Pakistan out of default risk


ISLAMABAD (September 15 2008): Pakistan is out of any default risk, as reduction in oil prices in the world market and cut in subsidy have provided it much room to manage its foreign liabilities comfortably. This was a message from the Secretary of Economic Affairs Division (EAD), Furrukh Qayyum, for economists who met here the other day.

The Planning Commission had convened the economists’ meeting for taking input from government departments for its five-year development plan. EAD Secretary shared, with the participants, that Pakistan was 100 percent in comfortable position to meet in time its foreign liabilities, and there was no risk of default at any stage. Finance Secretary Dr Waqar Masood, SBP Governor Dr Shamshad Akhtar, Petroleum Secretary Incharge GA Sabri, Secretary Industries Shahab Khawaja and Secretary Food and Agriculture, and Wapda chairman gave presentations at the meeting on their respective ministries’ issues/challenges and future plans.

Dr Waqar Masood told the participants that Finance Ministry was following a multi-pronged strategy to save every possible penny by cutting down non-developmental expenditure and removing distortions in economy that pushed Pakistan’s economy into the grey area during the last few years.

Petroleum Secretary Incharge GA Sabri told the economists that unprecedented rise in oil prices in the global market had exposed Pakistan’s economy to serious risks. However, with sharp decline in crude oil prices, things were now shaping up for improvement.

Wapda chairman briefed the panel on power crisis. He said that the government was doing its level best for the new power generation projects to materialise to overcome loadshedding. He said the government was focusing on hydel and coal-based power projects to get comparatively cheaper electricity for the consumers.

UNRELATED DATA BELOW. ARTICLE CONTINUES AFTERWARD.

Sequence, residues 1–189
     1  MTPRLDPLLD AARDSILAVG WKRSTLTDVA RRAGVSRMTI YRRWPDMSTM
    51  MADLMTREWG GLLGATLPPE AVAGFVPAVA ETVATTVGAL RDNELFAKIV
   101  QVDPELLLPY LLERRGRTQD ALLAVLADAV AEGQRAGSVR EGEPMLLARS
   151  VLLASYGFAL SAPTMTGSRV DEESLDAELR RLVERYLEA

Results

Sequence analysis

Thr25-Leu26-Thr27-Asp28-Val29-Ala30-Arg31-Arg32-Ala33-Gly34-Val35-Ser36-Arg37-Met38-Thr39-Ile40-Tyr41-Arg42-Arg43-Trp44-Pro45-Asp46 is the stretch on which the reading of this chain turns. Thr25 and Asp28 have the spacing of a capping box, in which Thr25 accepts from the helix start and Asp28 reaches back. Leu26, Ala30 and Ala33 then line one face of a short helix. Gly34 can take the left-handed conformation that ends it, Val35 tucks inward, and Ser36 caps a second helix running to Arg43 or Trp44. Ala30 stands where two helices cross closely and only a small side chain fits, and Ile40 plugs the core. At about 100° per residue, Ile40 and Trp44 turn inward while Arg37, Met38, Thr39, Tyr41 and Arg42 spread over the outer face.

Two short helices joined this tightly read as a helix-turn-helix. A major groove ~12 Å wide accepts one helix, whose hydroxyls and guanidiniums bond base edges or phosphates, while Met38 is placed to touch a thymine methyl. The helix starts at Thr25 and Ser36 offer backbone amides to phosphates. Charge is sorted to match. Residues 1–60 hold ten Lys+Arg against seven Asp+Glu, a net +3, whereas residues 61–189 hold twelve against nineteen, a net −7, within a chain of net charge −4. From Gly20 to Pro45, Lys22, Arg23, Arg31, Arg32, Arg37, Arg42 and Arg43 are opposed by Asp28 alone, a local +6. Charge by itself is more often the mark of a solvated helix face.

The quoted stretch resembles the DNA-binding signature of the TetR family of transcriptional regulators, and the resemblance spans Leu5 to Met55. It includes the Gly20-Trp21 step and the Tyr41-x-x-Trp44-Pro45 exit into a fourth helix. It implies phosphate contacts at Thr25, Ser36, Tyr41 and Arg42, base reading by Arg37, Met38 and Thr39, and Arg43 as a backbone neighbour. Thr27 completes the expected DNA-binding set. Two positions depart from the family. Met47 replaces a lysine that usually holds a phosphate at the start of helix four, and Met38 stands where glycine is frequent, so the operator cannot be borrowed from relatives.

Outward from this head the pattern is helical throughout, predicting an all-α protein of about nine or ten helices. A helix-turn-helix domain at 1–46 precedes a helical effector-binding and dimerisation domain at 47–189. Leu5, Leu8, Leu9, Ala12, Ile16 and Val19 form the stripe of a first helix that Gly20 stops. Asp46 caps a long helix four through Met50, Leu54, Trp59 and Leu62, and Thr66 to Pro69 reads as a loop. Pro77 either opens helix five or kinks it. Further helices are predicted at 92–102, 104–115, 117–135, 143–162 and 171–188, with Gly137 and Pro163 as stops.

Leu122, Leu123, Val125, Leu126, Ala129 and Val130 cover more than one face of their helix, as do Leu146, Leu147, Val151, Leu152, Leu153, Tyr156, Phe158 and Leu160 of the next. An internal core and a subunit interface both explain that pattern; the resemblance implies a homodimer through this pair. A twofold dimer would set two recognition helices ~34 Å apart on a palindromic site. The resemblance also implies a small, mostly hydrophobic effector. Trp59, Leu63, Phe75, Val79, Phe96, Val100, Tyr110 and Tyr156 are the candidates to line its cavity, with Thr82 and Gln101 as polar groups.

The State Bank of Pakistan (SBP) Governor Dr Shamshad Akhtar made a stunning disclosure. She said the Shaukat Aziz government had kept her in ‘custody’ for stopping from voicing concern over Pakistan’s deteriorating economy.

“In Previous (Shaukat Aziz) regime, I was not allowed to meet the people to let them know the real economic condition. Now those who are at the helm of the affairs do listen to me and also give weightage to my opinion” she said.

She briefed the panel about SBP’s policies for implementation of the monetary policy. She also had a message for the government that it should minimise borrowing from SBP and live on own resources.

Akhtar had been known for giving this kind of statements at different forums, asking the government not to exceed budgetary limit for borrowing from SBP, but she for the first time accused Shaukat Aziz government of keeping her in ‘custody’ when she wanted to voice concern over Pakistan’s weakening economy.


Source: Business Recorder, 15/9/2008

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